How Indian IT cos are trying to delink revenue growth from hiring
As automation increases and new technologies mature, IT industry will have to look at newer ways to measure productivity, say experts.
The Indian information technology services industry has for long been talking about delinking revenue growth from a proportionate rise in hiring, but as automation increases and new technologies mature, the industry will have to look at newer ways to measure productivity, say experts.
While the numbers show a near-consistent decrease in the number of people hired for every billion dollar added in revenue by the Indian IT outsourcing industry, they do not show a sharp or drastic change.
According to industry body National Association of Software and Services Companies (Nasscom) data, last year the industry hired 17,143 engineers for every dollar billion it earned in export revenue, an increase from the previous year’s hiring of 16,199. This number was 16,868 in fiscal year 2015, and 17,496 in fiscal 2014.
Ideally, the number of people hired per dollar added in IT export revenue should go down each year, if companies are to improve their productivity and have a non-linear growth.
This move towards non-linearity, or decoupling revenue growth from a proportionate headcount growth has been talked about for almost a decade now.
“Non-linear growth is already a fact for the industry. No more do companies measure how many people you need to deliver a particular project,” said Sangeeta Gupta, executive vice president at Nasscom.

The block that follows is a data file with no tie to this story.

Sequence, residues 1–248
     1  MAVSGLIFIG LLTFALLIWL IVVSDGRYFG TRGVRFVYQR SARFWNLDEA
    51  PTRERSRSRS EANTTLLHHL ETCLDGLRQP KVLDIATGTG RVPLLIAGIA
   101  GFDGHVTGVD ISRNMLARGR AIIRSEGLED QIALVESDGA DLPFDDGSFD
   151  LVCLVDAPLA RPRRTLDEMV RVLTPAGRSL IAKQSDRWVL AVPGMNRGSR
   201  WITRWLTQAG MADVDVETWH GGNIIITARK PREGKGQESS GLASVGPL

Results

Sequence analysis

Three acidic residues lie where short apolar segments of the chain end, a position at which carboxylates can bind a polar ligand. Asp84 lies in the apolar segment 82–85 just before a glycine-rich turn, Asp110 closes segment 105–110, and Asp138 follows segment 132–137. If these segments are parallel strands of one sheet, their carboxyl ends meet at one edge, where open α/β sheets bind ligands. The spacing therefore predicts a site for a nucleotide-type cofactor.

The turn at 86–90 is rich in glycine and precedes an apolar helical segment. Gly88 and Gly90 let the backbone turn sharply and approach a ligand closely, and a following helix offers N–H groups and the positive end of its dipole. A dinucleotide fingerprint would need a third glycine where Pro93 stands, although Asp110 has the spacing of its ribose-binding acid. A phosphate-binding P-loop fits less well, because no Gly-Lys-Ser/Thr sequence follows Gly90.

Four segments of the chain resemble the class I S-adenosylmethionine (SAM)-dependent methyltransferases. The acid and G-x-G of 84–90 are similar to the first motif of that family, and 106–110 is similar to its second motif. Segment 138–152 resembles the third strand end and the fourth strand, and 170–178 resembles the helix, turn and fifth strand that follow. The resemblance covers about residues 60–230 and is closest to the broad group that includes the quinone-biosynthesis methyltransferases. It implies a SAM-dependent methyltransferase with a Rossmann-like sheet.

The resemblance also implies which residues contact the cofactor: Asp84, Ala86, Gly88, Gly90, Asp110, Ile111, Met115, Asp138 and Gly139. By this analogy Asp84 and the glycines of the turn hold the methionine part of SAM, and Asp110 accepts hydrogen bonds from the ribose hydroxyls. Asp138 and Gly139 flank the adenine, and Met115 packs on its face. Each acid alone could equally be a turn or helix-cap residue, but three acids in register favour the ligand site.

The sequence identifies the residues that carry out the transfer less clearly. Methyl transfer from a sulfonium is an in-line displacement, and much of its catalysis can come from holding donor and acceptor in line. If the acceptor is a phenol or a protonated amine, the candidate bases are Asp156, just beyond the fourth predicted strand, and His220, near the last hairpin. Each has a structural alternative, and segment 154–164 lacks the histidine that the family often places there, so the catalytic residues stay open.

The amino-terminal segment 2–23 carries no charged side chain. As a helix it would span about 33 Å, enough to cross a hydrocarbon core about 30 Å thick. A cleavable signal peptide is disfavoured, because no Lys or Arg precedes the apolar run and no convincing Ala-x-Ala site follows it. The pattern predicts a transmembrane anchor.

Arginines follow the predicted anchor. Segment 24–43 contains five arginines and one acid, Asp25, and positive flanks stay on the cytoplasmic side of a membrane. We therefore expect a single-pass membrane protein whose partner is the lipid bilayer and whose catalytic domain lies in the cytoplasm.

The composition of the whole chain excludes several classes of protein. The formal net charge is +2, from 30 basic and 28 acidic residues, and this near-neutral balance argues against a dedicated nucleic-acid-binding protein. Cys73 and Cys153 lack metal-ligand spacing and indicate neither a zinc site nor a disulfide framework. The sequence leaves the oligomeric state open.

The top four Indian IT services companies have also, at different times, spoken about how they are achieving greater productivity through fewer people, and aim for higher profit margins by achieving non-linear growth.
“If you look at the incremental revenue generated in the last five years on a constant currency basis, you will see that it took far fewer additional people compared to the prior five-year period. I think this trend will continue into the future,” notes Ajoy Mukherjee, EVP, Human Resources of Tata Consultancy Services, in the company’s annual report.
Infosys said that last year “revenue per full time employee increased by 1.2 percent as a result of automation, utilisation and productivity improvements”.
Wipro said it aims to drive non-linearity through investments in intellectual property via acquisitions, organically developed platforms and increasing patent filings. “We have a dedicated unit to drive non-linear revenue growth by leveraging IP-based products, platforms and solutions as well as through automation and innovative commercial constructs and delivery models,” it said.
“Though decoupling is not fully in effect, it has started, and as automation and cognitive platforms gain more maturity, the metric of revenue per employee is going to be completely decoupled from the (revenue) projections,” said Rajesh Gupta, Partner, India Operations at Information Services Group (ISG).
However, companies have set some goals to improve revenue-per-employee efficiency that seem difficult to achieve in the near-term.
Infosys, for example, is now looking to revise its goal of reaching revenues of USD 20 billion with a 30 percent margin and the revenue per employee at USD 80,000 by 2020.
While revenue per employee would continue to be a meaningful metric for traditional IT outsourcers for some more time, there could be newer parameters that companies might have to factor in.
“These metrics or these numbers will change based on how many people they have reskilled, how much they have transformed, some of the different types of people they are hiring- data scientists, more intelligent automation, plus a smaller number of highly skilled people, who will be brought in,” added ISG’s Gupta.